PNoy’s PMA 2015 Commencement Address [English]

By on March 15, 2015


President Benigno Simeon Aquino III (center) given a 21 gun salute during the commencement ceremonies of the Philippine Military Academy Sinag-lahi Class of 2015 (Photo from RTV Malacanang)
President Benigno Simeon Aquino III (center) given a 21 gun salute during the commencement ceremonies of the Philippine Military Academy Sinag-lahi Class of 2015 (Photo from RTV Malacanang)

Speech of President Benigno S. Aquino III at the commencement exercises of the Philippine Military Academy Sinag-lahi Class of 2015, Fort del Pilar, Baguio City, on March 15, 2015:

Good afternoon to all of you.

In front of us is your new sports center. Perhaps the Sinaglahi Class is saying: “We saw it being constructed, and yet others will reap the benefits.” Beside it is a fire truck. Perhaps our Honorable Secretary of National Defense will tell the following classes who will be able to use the sports center: “Back in my day, even our water came from a fire truck.”  Yesterday night, he was telling me that there was a shortage of water in the PMA back then, such that they were given five counts to collect water from a fire truck with their helmets, and that would be their ration for the day. That water would end up being very valuable since you had to use it for brushing your teeth, taking a bath, doing your laundry, and watering your plants; and the next ration would not come until the following day. Perhaps this is how destiny is: As our country develops, the sacrifices required of its citizens should lessen.

After four and a half years, we can say that we have truly achieved so much on the straight and righteous path. We have overcome many challenges for the benefit of Filipinos in the country and overseas. There was the tension between North and South Korea in 2010, where 50,000 of our countrymen could have been caught in the conflict. Apart from this, there is also the need to move our countrymen in the Middle East away from areas of danger and unrest. We likewise continue our efforts to stop the spread of diseases such as Ebola and MERS-CoV. Back in 2013, our country faced trial after trial: an earthquake in Bohol, turmoil in Zamboanga, and the destruction of Typhoon Yolanda. Right now, we are focused on seven of our countrymen who were abducted by an armed group in Libya, as well as the nearly 4,000 Filipinos caught in conflict there. We also have around 900 countrymen who must be evacuated from Yemen. It is a country that has reached alert level 4, which means that their situation is very dangerous. This is why we are employing mandatory repatriation to guarantee the safety of our countrymen.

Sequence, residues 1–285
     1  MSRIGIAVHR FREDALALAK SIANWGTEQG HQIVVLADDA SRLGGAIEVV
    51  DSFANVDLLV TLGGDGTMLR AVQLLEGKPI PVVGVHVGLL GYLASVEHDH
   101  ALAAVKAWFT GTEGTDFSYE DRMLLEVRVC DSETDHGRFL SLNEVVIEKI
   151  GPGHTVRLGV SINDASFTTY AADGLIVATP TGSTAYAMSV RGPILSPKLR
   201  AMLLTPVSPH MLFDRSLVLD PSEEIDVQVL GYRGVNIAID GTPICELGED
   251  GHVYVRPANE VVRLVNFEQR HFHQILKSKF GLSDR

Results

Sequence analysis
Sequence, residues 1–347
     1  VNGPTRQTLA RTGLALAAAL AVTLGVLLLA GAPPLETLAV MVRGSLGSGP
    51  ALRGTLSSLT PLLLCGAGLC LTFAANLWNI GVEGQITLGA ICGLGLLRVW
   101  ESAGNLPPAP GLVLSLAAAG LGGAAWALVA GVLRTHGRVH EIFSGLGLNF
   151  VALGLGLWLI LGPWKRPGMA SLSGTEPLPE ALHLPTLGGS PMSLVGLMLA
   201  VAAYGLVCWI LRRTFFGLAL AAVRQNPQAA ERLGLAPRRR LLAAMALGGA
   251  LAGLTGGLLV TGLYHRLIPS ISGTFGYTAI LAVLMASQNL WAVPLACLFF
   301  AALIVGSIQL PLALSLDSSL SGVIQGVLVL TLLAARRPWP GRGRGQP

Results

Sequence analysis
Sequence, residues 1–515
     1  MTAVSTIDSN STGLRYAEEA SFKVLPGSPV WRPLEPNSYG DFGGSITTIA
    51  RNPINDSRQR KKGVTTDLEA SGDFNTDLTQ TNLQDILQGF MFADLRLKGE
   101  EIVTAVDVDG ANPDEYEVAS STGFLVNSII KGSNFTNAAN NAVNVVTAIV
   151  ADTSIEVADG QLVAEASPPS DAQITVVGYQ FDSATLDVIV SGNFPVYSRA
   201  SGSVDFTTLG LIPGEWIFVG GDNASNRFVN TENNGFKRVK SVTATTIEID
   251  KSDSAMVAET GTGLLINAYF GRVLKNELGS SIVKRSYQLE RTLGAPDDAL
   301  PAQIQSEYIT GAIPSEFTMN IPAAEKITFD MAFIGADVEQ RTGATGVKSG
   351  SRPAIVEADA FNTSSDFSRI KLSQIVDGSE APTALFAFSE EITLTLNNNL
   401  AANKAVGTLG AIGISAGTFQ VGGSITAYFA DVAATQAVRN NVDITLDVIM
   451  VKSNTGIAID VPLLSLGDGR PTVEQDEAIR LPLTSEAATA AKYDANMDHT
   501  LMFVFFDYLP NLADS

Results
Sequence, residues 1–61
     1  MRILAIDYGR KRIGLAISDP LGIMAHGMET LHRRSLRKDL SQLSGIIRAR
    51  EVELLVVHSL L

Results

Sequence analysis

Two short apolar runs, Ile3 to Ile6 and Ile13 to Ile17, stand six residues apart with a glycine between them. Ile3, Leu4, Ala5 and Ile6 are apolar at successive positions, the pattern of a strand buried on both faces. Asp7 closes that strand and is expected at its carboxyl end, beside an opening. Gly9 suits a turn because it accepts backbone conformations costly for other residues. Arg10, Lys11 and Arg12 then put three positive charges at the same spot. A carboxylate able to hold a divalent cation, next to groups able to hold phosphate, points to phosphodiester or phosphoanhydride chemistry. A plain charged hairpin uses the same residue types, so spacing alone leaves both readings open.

Despite these, we remain level-headed and rational in our decision-making. We will not stray from our vow to promote the common interest, especially of those most in need.

Not to be self-indulgent, but at this stage, we can truly say that our country’s situation is much better than we found it. We cleaned up the bureaucracy, pursued the corrupt, revitalized the economy, and opened new doors of opportunity for our countrymen.

The country once referred to as the Sick Man of Asia is now investment grade for the first time in its history. Just the other day, we received news that, in the past year, 1.04 million more Filipinos have found jobs. This is equivalent to our unemployment rate dropping to 6.6 percent in January of this year, compared to 7.5 percent during the same period last in 2014. On top of this, we continue to undertake programs that deliver immediate benefits to a great number of Filipino families.